Key Activities

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Consider which procurement option works best for your site
Different procurement options work better on different kinds of site. Generally, the more complex a site is, the more flexibility you will want in the development of the design.

Custom Design
As you engage a lead designer to design a house specifically to your site and brief, this option is particularly well suited to complex sites. As you can engage the designer before you have purchased the land, you can get them to visit the site and offer advice before you fi​nalise the purchase of the property. They are also able to do some design work to help assess the cost of development, which could influence land price.

Design & Build
A design and build contract does allow for the house to be specifically designed to fit your site, but as you do not pick the designer or have any contractual relationship to them, you may have less influence on the final design. The builder or developer will have building systems and materials they prefer which may have an impact on the design of the building.

It is possible to start a project as a custom design, and at a suitable point (i.e. after getting resource consent) change to a design and build contract to finalise the design and construct the house.

Group Housing
This option uses standard designs, which will work if the site is easy to develop but is poorly suited to complex sites. For example, trying to put a standard plan on a steep site could result in expensive retaining to modify the land to fit the house. If buying a land and house package this step is likely to have already been completed.

Understand site possibilities and limitations
Understanding what the site can offer is essential before making a final decision to purchase. Taking the time to evaluate its possibilities and limitations in terms of context (how it relates or connects to the wider area), public utilities, access, physical characteristics and regulations will pay off later. The process of gathering this information is called ‘due diligence’ and while other people might help during the process, it is ultimately your responsibility to gather all the required information before signing the sale and purchase agreement. Once the offer is finalised you cannot back out of the purchase, even if you find any issues with the site.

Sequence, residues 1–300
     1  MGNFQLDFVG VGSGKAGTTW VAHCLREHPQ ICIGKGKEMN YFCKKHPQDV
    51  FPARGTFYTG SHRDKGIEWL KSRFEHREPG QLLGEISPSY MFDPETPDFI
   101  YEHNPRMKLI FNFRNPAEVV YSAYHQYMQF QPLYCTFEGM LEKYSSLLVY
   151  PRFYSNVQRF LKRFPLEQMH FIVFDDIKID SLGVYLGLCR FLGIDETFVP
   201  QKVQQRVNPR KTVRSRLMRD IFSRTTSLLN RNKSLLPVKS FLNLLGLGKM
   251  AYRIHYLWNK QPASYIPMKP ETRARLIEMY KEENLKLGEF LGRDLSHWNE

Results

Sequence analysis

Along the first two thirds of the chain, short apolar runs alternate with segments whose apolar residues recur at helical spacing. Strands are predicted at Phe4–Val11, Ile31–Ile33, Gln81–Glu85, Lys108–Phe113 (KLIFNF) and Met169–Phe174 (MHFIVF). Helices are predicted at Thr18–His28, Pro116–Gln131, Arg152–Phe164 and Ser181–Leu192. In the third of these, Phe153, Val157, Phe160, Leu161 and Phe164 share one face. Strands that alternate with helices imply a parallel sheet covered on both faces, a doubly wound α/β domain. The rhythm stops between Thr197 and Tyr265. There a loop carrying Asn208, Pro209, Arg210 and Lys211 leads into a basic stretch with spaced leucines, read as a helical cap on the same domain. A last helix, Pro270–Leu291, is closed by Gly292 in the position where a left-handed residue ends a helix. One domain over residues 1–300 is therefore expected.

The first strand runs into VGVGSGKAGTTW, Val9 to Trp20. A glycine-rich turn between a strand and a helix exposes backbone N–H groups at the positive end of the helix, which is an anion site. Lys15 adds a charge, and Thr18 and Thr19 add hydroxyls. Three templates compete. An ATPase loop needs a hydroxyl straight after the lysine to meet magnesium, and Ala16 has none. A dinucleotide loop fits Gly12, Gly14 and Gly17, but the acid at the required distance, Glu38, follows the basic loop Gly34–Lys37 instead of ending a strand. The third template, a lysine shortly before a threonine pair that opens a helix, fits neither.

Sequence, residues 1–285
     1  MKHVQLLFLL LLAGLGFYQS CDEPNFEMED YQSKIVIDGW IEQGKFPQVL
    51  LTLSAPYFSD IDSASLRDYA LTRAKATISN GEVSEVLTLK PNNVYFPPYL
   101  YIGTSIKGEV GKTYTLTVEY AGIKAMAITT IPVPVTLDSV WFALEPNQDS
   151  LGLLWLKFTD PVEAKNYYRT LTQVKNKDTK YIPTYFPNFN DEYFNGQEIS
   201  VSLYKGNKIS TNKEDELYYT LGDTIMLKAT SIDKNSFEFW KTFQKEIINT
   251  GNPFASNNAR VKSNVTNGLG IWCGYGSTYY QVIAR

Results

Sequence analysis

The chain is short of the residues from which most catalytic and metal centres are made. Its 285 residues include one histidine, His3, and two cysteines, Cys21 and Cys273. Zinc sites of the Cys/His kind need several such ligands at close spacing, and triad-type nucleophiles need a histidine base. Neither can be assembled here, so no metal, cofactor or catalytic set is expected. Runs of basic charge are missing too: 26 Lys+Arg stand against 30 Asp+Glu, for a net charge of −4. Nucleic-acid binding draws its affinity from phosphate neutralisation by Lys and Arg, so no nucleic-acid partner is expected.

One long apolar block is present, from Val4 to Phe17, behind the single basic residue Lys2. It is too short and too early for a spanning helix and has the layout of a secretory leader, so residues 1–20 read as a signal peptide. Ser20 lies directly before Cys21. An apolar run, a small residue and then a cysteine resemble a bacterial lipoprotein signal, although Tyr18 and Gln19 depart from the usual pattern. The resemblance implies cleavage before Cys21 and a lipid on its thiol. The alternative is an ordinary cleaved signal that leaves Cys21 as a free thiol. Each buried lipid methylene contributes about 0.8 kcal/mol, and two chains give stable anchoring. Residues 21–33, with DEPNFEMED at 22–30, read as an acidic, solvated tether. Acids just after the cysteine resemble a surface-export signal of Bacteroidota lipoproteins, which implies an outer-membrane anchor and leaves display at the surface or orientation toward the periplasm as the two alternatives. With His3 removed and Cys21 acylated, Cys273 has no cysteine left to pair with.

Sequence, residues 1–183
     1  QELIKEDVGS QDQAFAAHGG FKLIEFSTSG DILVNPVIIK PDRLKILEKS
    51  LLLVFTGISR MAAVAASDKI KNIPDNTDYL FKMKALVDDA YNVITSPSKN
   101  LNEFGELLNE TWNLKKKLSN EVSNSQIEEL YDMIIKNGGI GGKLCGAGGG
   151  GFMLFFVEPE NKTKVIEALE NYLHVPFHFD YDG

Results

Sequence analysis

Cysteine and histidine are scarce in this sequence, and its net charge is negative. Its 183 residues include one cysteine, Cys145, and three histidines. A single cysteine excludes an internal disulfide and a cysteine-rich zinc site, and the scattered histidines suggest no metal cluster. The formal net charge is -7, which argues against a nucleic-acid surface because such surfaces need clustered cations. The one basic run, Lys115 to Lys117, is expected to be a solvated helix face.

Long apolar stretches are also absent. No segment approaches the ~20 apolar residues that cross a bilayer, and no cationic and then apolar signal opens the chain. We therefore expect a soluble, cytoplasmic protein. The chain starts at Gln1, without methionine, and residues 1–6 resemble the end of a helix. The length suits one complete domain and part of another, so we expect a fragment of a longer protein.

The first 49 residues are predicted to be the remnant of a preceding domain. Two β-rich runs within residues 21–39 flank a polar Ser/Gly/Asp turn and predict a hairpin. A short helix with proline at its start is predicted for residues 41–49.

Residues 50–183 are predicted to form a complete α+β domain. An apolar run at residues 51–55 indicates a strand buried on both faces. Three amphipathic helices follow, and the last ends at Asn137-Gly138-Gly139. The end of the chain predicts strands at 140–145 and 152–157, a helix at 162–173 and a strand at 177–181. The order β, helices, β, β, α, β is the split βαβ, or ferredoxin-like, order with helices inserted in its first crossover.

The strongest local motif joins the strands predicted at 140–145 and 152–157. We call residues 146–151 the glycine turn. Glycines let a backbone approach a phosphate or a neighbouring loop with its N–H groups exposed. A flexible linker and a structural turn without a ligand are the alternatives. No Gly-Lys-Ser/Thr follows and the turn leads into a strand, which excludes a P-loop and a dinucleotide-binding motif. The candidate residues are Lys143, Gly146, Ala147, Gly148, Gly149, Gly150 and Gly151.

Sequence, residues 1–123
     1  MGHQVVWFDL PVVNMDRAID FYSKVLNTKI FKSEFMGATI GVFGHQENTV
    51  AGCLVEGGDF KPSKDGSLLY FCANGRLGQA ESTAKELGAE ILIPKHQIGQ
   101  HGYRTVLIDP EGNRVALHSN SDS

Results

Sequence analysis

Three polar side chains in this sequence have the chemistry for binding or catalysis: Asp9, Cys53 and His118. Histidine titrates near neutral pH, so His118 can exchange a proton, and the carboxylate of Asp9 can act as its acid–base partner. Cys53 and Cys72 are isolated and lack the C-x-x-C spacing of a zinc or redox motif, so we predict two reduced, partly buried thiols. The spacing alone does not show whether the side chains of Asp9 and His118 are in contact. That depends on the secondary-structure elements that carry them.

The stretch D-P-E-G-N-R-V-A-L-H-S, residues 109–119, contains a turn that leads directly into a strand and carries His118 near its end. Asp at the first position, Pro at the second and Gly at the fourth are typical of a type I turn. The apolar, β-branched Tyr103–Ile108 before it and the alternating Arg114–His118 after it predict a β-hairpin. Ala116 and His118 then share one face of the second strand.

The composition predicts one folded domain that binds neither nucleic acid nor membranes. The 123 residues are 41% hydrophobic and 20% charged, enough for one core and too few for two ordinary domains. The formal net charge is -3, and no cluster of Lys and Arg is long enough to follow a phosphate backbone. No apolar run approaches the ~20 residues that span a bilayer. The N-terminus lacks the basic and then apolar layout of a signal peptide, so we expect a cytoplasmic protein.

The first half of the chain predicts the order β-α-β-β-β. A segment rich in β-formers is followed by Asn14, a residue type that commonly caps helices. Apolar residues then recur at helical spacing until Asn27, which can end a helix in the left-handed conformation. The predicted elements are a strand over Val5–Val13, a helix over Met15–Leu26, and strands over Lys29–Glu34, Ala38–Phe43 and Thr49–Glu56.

Due diligence involves understanding the financial implications of buying the site, doing some research and gathering documents (such as a Certificate of Title) to understand all site conditions, including those that are less obvious.  Resources are available from Auckland Council to assist your research, including zoning rules​, property files and reports, and Land Information Memorandum (LIM) files​. Council information will have a great impact on the project in a number of ways, such as how much of the land can be occupied, where the house should go, how high it can be, and whether there are character restrictions that will affect the way it looks. Any development that does not comply with the rules in the relevant District Plan or other statutory documents will require a resource consent.

The Proposed Auckland Unitary Plan is currently going through a hearings process. It will not have legal effect until after the conclusion of the hearings and the release of decisions by Auckland Council (or the resolution of any appeals). This is likely to occur in late 2015 or 2016. This will replace the current District Plans and will change the zoning on your site. It is worth checking the Proposed Auckland Unitary Plan to see what effects it could have.

Some parts of the Proposed Auckland Unitary Plan are already in effect, click here​ for more information.